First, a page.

Four Tips For Launching an Online Store That Can Scale

By  //  November 28, 2018

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Starting an online store can be one of the most exciting ventures into entrepreneurship, but also one that requires quite a bit to scale. As we often see stores launch and fall by the wayside, it’s easy to give up on the online business in saying “I’ll never compete with REI, Best Buy, or PetsMart.”

Starting an online store can be one of the most exciting ventures into entrepreneurship, but also one that requires quite a bit to scale. As we often see stores launch and fall by the wayside, it’s easy to give up on the online business in saying “I’ll never compete with REI, Best Buy, or PetsMart.”

However, with the right approach on thinking about your business to scale, you not only could see more success but follow through with it long-term as well. Here’s how:

Study Up On The Winners

If your eCommerce store is going to be successful, then one of the first steps you need to take is studying up on who the winners are and why they’ve been sustainable in their endeavors. As noted by Entrepreneur, 42 percent of businesses fail due to no market need, which can be a tough factor for those involved in luxury goods such as fashion or cosmetics.

However, even despite the limitations for certain fields, there are still numerous success stories from grassroots efforts, which the experts have studied and explained in a way that can help you design out your business model to be ahead.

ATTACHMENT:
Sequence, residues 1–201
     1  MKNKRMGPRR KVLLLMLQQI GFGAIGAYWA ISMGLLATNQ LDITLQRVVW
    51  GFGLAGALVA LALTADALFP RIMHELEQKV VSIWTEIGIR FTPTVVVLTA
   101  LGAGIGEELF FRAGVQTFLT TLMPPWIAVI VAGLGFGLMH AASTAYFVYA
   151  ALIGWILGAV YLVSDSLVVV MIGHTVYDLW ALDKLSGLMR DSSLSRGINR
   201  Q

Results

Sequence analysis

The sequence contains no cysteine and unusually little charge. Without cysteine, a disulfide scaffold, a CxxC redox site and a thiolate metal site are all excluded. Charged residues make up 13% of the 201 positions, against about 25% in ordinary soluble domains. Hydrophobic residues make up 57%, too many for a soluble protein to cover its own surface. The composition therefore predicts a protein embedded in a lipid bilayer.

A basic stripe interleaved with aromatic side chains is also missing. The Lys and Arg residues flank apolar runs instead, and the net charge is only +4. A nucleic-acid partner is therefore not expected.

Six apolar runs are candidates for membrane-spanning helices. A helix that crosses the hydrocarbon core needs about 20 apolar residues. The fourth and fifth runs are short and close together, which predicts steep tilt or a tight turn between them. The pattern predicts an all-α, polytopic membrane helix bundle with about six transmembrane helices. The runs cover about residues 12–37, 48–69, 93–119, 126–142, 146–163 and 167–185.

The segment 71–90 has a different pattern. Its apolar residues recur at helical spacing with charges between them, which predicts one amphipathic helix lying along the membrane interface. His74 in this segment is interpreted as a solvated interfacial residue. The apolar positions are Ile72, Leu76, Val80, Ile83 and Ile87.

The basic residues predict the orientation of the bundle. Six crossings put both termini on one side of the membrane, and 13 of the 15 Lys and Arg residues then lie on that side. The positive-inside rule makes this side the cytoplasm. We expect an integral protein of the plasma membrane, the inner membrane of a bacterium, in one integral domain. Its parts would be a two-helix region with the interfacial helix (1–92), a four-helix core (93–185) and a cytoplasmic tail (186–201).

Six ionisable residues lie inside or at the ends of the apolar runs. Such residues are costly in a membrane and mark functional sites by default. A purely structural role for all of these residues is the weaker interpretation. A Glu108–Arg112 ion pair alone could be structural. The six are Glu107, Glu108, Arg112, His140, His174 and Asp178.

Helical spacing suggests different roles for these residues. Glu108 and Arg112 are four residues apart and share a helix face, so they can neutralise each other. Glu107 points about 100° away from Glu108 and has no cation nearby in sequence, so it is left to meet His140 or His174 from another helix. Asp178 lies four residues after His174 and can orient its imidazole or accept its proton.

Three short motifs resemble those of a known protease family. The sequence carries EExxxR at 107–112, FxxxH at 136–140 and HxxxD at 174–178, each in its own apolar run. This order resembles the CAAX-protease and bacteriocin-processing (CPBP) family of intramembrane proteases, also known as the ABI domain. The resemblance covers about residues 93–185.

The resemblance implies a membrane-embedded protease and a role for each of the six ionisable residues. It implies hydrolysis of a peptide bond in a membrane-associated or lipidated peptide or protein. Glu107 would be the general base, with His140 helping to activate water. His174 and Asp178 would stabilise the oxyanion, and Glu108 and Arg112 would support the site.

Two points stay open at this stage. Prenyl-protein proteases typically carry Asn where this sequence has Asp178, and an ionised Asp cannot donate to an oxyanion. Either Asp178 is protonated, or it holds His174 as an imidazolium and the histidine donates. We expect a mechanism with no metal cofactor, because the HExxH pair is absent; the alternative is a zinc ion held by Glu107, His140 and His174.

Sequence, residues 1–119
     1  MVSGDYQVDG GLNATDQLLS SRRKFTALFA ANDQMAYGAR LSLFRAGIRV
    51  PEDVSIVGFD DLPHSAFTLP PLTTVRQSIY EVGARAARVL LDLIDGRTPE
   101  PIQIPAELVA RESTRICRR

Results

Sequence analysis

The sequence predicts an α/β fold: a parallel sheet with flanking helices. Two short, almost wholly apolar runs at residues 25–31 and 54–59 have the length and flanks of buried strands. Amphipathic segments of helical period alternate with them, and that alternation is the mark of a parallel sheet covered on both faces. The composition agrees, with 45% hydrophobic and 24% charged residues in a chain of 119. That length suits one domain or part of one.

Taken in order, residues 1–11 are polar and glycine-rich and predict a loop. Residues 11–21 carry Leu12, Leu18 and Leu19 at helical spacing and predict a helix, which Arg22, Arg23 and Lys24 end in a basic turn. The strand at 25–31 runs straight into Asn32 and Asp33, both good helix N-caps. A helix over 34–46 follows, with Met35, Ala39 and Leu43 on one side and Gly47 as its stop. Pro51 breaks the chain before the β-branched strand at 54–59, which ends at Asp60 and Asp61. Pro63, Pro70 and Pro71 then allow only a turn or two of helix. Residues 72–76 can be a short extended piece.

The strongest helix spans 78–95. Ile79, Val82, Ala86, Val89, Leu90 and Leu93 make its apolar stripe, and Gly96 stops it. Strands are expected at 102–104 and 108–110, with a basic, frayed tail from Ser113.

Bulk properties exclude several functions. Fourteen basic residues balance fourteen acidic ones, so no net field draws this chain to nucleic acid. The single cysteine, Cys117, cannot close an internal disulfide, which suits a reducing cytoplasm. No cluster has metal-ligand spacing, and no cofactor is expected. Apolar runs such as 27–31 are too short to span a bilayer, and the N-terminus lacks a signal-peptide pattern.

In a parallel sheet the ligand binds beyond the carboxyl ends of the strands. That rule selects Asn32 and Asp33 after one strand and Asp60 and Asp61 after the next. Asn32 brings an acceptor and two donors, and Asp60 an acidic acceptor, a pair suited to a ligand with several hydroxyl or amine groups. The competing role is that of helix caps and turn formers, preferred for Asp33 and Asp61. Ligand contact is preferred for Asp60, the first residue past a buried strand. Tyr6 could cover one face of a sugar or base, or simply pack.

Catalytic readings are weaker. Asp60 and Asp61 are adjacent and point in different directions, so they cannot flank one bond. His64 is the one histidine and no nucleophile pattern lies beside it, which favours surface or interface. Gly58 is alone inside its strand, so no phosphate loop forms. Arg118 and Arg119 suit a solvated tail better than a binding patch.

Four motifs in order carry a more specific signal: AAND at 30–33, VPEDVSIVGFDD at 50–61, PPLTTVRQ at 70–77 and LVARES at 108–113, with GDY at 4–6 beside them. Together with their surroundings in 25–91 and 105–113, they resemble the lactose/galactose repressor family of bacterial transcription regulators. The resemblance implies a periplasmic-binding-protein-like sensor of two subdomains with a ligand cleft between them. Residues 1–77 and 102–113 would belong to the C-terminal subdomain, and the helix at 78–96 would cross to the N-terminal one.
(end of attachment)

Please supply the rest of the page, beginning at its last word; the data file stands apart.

To begin, take a look at some of your favorite eCommerce stores and see if there are any specific case studies on their efforts, especially in looking at how they scaled their growth. With eCommerce, the biggest factors that you should pay close attention to should be how they marketed themselves (customer referrals or discounts codes), what their user experience was like (both on desktop and mobile), and what their infrastructure was like.

Read some ebook textbooks focusing on these areas, highlighting the sections that are most relevant to your industry. The goal here is to learn what others have done right that can be applied to your business while studying up what people have done wrong to avoid their shortcomings, giving yourself a sense of confidence going into what you should be doing from day one.

Compile A Brand Others Will Follow

A significant factor of being an eCommerce store that’ll grow is having something that people will not only want to follow but share as well. After all, a big part of your role is to be a curator for others, which is a widely agreed upon expectation; according to LucidPress, 48 percent of consumers expect brands to know them and help them discover new products or services.

And while no one is anticipating you to be a mind reader, they are reliant upon your taste and expertise for being an expert, which all starts with your brand.

Your brand is going to be the cornerstone of your image, giving those who come across it on social, in public, or even just by organic search a sense of what you sell without ever having to visit your page. This should be something that’s driven by your core buying philosophy, including the slight impact you want to make upon the world with your inventory.

As high-minded as that sounds, a brand has to resonate with your consumer as an image they’ll not only want to be a part of but share with their friends as well. Give yourself some time to hammer down on this (or even bring on an expert) as branding is a must-have for any successful eCommerce store.